2. Ah, yes, Journey. I’ve been a fan since the 80’s. “Frontiers” was the album for me, though I do love “Escape”, as well. Never was much for Perry- or most rock tenors, actually, but damn, did I love that music! And, as a piano torturer (I can’t in good faith say I play the instrument), I was major jealous of Jonathan Cain’s massive electronic rig and the Whale! Then, in the early 2000s, out came “Arrival.” Instant love. And I found a Journey fan group that was quite close to the band. And, yes, I became “that” fan- went to every show that was in (sort of) reasonable driving distance of home. Splurged for the close up seats and meet-and-greet packages. Went to CA twice with that fan group for what were essentially private cons with the band. Was there at the unveiling of their star on the Hollywood Walk of Fame. Have pictures, autographs, personalized memeorabilia, etc. The trouble with that sort of thing is that you get too close, start to know too much. The internal crap was astonishing. Well, perhaps not, but the way they treated Steve Augeri (who is easily one of the nicest men on the planet) and his successor, Jeff Scott Soto, left a really bad taste in my mouth. I did go to two concerts when Arnel joined the band, but I gotta say, I do not like what he does with Journey. So, while I still dearly love the music- I just did an all-day Journey fest here at home this week- I had to break up with the band. It’s kinda too bad, but it is what it is.

    I’m glad you had a good time. Smitty is the bomb. Have seen him multiple times with his jazz group.

  3. What you said… Journey has been comfort food for me for more decades than I care to admit. (I’m also a wannabe drummer. *G*) And Pineda is a great Steve Perry replacement. Saw a heartwarming documentary a while back about how the band found him, and it amused the heck of me that he was young enough to be the band’s collective grandson. Good for him! A nice, happy success story in a world full of doom and gloom.

  4. I’m glad to know that Steve Smith is touring with the band again. For whatever reason, I was more upset about him not being with them than I was about Steve Perry. Smith is a terrific drummer.

  5. I watched what I think was a documentary on how Arnel was chosen to leave journey and it was a fantastic story. And I graduated high school in 1979 so I too am a middle-aged Journey fan.

  6. @Geoff Hart – that documentary may have been “Don’t Stop Believin’,” which I saw on Netflix a while ago. I’m not a tremendous Journey fan, but I think the film was pretty good, and Arnel can sure sing like mad. I think most people who like Journey would also like the documentary.

  7. I knew little about Arnel Pineda until I saw this exact show in May. That guy is good! The drummer is AWESOME! His big solo just blew me away for its intensity, variety, effortlessness, and length.

    My two nits with them right now: First and superficially: don’t you think Neal Schon has had enough plastic surgery that he now looks like an iron-pumping Joker from Batman? He’s is still one of the top guitarists working, and proves it.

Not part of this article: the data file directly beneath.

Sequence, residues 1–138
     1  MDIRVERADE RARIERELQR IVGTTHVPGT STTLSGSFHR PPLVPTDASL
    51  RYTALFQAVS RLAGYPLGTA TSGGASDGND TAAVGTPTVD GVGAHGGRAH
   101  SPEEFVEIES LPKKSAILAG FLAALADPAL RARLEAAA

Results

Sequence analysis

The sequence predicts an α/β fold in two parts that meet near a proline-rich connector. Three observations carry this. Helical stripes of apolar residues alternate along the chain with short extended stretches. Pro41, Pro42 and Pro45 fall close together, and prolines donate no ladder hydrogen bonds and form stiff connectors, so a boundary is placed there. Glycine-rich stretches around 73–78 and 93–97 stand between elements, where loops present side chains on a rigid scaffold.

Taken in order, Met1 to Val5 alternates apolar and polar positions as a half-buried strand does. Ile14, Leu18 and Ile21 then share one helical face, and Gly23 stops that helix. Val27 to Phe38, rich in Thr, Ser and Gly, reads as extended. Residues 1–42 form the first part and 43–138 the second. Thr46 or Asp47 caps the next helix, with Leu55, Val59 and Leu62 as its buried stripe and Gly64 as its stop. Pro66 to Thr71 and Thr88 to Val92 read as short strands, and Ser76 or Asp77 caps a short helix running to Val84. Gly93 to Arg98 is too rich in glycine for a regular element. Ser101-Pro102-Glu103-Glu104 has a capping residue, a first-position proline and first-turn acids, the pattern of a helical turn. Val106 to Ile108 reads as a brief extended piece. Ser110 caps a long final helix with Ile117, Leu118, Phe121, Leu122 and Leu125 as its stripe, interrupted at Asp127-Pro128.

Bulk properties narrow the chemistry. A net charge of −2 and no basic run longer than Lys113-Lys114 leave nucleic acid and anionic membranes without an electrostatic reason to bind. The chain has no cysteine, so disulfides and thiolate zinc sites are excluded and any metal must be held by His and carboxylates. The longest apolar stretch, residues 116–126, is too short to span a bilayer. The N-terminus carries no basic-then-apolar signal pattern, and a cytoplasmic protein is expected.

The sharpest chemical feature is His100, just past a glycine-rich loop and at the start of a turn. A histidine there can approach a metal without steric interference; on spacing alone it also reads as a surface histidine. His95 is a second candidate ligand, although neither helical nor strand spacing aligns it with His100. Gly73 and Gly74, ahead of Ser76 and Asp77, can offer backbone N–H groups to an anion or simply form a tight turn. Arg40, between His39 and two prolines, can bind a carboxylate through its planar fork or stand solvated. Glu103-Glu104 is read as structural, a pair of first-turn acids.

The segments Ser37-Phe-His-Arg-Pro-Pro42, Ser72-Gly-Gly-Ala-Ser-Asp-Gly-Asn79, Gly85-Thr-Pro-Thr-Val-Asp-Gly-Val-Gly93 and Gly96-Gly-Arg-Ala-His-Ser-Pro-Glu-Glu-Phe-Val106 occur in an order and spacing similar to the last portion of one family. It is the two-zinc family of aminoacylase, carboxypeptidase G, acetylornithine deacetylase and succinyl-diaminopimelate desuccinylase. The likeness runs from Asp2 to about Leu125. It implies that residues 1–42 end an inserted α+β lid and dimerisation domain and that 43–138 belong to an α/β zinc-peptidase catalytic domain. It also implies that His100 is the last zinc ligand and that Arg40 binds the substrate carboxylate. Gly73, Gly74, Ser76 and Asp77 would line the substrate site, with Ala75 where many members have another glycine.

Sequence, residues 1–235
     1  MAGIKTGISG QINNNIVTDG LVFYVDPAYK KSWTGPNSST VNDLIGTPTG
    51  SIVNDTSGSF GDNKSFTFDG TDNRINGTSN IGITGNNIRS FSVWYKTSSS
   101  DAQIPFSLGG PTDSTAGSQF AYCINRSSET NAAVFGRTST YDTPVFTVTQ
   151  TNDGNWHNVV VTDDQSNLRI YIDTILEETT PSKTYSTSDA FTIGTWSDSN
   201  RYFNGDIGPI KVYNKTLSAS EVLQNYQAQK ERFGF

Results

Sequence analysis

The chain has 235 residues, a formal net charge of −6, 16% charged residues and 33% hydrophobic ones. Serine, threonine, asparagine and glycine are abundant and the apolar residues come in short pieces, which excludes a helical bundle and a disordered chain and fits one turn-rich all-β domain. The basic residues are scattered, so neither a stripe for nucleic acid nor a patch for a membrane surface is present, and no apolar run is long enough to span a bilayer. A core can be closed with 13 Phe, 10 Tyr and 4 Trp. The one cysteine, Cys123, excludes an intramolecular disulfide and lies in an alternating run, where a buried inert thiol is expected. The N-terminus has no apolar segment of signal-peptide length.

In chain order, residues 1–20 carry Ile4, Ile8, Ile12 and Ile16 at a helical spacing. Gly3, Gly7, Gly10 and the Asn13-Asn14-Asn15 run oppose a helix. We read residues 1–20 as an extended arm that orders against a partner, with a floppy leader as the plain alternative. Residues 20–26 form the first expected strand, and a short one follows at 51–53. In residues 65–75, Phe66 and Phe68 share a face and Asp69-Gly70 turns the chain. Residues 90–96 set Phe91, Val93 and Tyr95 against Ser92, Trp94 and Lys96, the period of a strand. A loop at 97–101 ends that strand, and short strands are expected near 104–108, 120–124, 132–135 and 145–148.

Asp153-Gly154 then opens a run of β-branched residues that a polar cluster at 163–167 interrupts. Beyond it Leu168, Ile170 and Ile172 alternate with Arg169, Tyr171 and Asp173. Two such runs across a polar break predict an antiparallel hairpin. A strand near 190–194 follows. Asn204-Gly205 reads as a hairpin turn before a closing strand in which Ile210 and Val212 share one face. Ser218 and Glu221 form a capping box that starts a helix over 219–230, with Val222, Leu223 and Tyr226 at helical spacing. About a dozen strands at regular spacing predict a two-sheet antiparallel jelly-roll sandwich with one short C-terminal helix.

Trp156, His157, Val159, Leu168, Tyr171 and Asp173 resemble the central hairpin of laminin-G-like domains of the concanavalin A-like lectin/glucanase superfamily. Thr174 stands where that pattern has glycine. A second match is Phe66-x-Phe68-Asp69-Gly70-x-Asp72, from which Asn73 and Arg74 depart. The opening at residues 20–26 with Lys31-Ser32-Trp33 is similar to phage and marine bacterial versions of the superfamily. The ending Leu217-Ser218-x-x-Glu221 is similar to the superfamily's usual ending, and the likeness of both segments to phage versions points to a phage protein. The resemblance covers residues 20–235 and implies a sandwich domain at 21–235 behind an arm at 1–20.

Secondly, that Steve Perry-ish voice that Arnel Pineda has – or actually HAS to have. I realized during the show that Journey’s entire sound is anchored by THAT voice. Any other voice trying to do their material – no matter how good they are – just fizzles, even in my imagination. Pineda does a great job and has more energy than a lot of people, running around the stage, jumping and dancing. But he knows also how to work the crowd! He lets the audience sing a significant portion of the songs, but always from in the lead. He’s joyous, and you can tell he loves his gig!

    I understand that after this tour he is leaving the group to be with his wife and kids more. If that’s true, props to him. But what will the band do? They need him or – now – that Arnel Pineda voice, because he has earned it.

  8. Glad you enjoyed the show. By the time I was aware of Journey Steve Perry already had split so I’ve never gotten the opportunity to see original Journey live. But having listened to the albums over and over I can say that Pinela is a fantastic replacement and had I not known he wasn’t the original singer the only thing that would have tipped me off is the obvious age gap.

    It makes me really glad that Tony Iommi has made the effort to get together the two amazing Black Sabbath lineups for concerts (Dio-era right before he died, then more recently Ozzy), as that’s given me the opportunity to see both of those. It gave me that awesome Black Sabbath experience even though I was born a few decades too late.

  9. I get what you mean about a small kit sounding huge. Mutemath’s Darren King only has the basics–a snare, a few toms, and maybe a few cymbals, but damn if he doesn’t make himself sound like a force of nature!

  10. I get it, but Journey was too late to interest me…by a couple of decades. The groups/singers we still go to see are older, as in Neil Young, Steely Dan, John Fogerty, Bob Seger, Jimmy Buffett, Bonnie Raitt, Santana, Earth, Wind & Fire, Dion (still rocking at 77!), Boz Scaggs, Emmylou Harris, and (tonight) George Thorogood & The Delaware Destroyers.

    And keep off my lawn!

  11. We caught Asia at a summer festival several years ago. They were still trying to grow musically and played tracks from recent albums. But the they were billed in the promos as an ’80s prog band, and the crowd seemed irritated, They didn’t get around to playing the songs that everyone was there to hear until the encore. What was expected, was the sort of thing you got with Journey. I felt kind of bad for wanting a band to freeze itself in the past, but the concert promotion pretty much implied that was what we would be getting.

  12. Sounds like you had an unsurprisingly good time! ;)